It is difficult to experimentally determine within an animal model whether engulfed cells of infected tissues were alive or dead upon phagocytosis. Therefore a cell culture assay was developed to test the corollary that S. Typhimurium survives preferentially in macrophages that phagocytosed viable leukocytes versus dead or no leukocytes. This assay relied upon activating macrophages with the inflammatory cytokine interferon-gamma (IFNγ), which can play a major role in maintaining and possibly establishing hemophagocytosis in humans [31]. Severe systemic hemophagocytosis is often rapidly fatal due to a dramatic reduction in circulating red blood cells. Patients with severe hemophagocytosis have high IFNγ blood serum levels and can be successfully treated with a combination of inhibitory anti-IFNγ antibodies and blood transfusion. This indicates that IFNγ is important for maintenance of the pathological state, likely via macrophage activation [21]. One consequence of in vitro macrophage activation with IFNγ is increased phagocytosis of particles, including beads, dead cells, and live cells (Figure 5 and data not shown). Therefore, IFNγ-activated tissue culture macrophages that had engulfed different particles were used to establish whether macrophages that ingested viable host cells preferentially allow S. Typhimurium to survive. First, activated primary bone marrow–derived macrophages were incubated with beads, viable lymphocytes, or dead lymphocytes, each of which became phagocytosed (Figures 5 and 6). The macrophages were infected with S. Typhimurium and bacterial survival was evaluated over time. Bacteria were not visualized within lymphocytes under our experimental conditions. This is consistent with a report that S. Typhimurium does not infect T cells [32], but another group found that under some conditions, the bacteria can infect B cells [33]. In our experiments, S. Typhimurium survived and replicated only in macrophages that ingested viable cells (Figures 57). This was not likely a function of the number of phagocytosed live versus dead cells because similar numbers of each were engulfed by macrophages across experiments (Figure 6A). Analogous experiments were performed with RAW264.7 cells, a commonly used macrophage-like mouse cell line. Individual RAW264.7 cells that had phagocytosed viable mouse or human T-lymphocytes contained more intracellular S. Typhimurium than RAW264.7 cells that did not engulf T cells (Figure 8). These observations suggest that tissue culture macrophages as well as primary macrophages will be useful for identifying molecular mechanisms of S. Typhimurium replication in macrophages that engulfed viable cells. Moreover, S. Typhimurium survival in macrophages that engulfed viable mouse or human cells suggests that the phenomenon is not limited to mice. Thus, macrophage phagocytosis of viable cells and/or subsequent infection with S. Typhimurium may inhibit S. Typhimurium killing by the macrophage and could provide the bacteria with a survival niche in vivo.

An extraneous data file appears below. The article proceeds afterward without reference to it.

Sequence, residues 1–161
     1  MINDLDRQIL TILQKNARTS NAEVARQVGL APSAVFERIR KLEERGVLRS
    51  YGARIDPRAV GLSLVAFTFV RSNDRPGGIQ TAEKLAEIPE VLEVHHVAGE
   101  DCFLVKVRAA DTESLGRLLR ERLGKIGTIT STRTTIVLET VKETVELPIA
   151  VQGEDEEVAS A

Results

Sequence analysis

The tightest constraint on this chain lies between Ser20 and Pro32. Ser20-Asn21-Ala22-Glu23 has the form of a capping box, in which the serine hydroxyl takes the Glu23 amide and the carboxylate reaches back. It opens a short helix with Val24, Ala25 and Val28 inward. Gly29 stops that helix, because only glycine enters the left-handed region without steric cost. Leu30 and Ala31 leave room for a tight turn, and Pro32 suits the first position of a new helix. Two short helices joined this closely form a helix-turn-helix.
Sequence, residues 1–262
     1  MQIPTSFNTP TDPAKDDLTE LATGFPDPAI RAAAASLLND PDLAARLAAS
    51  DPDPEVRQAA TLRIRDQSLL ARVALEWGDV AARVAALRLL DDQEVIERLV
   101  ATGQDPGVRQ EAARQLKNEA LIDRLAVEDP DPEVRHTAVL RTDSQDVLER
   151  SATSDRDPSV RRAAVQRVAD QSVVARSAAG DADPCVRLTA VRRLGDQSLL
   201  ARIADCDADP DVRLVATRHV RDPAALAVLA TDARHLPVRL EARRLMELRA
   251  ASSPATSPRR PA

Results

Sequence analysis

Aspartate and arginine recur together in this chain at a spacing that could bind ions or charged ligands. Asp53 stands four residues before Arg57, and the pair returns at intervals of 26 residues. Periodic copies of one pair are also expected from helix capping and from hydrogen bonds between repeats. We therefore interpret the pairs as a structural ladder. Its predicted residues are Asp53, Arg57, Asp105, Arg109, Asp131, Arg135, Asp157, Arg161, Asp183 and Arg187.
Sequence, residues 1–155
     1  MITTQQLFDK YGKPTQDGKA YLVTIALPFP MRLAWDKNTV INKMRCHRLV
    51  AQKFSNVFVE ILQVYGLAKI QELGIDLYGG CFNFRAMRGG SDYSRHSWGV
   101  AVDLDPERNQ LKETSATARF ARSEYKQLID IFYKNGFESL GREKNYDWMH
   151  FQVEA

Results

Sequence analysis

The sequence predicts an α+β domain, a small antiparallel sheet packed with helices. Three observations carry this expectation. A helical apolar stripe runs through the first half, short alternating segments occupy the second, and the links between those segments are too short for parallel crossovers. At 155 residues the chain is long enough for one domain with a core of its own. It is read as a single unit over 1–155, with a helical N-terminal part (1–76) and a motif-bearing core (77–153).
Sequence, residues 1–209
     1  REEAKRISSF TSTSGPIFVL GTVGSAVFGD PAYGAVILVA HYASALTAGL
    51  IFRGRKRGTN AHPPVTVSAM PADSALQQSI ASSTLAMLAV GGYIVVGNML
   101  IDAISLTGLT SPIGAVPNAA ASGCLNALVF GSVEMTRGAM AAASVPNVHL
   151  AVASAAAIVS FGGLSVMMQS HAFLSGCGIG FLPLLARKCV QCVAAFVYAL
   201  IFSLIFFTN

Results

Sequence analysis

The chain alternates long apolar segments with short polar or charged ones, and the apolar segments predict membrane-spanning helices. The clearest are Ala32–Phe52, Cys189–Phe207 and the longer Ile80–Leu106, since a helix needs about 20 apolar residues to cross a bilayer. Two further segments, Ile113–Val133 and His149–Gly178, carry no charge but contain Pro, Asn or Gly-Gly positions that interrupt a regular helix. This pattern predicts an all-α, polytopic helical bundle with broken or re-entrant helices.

It is surprising that the observation that S. Typhimurium can reside within hemophagocytic macrophages in mice has not been previously reported, particularly since immunofluorescence microscopy of tissue sections from S. Typhimurium infected mice has been performed by multiple laboratories [8,9,34]. One explanation for this discrepancy may be that salmonellae researchers historically work with mouse strains that are homozygous for Slc11a1G169D, and significant hemophagocytosis may not occur in these mice (e.g. C57Black6 and Balb/c strains). In light of this, it is interesting that activated Slc11a1G169D RAW264.7 cells that phagocytosed viable lymphocytes do allow S. Typhimurium to replicate (Figure 8). This could suggest that the apparent absence of significant hemophagocytosis in Slc11a1G169D mice is due to differences between the mutant and wild-type mice at the tissue and/or organismal level. Slc11a1G169D mice experience abnormally high levels of bacterial replication in macrophages [9] and B cells [33], massive inflammatory infiltration into infected tissues, and death within a week [35]. It is possible that inflammation or death masks or prevents hemophagocytosis in these animals. Wild-type mice survive acute infection and become carriers. At 11 weeks post-infection, S. Typhimurium were found within macrophages in wild-type mice, but multinucleate macrophages or hemophagocytosis were not reported [4]. We observed bacteria in multinucleate macrophages as late as 8-weeks post-infection (data not shown), but have not examined tissues from later time points. One possibility is that hemophagocytic macrophages may represent a niche for S. Typhimurium survival early, but not late, during infection. This is of interest because salmonellae survival in hemophagocytic macrophages could play a role in the establishment of chronic infection. Future experiments will be needed to resolve these issues.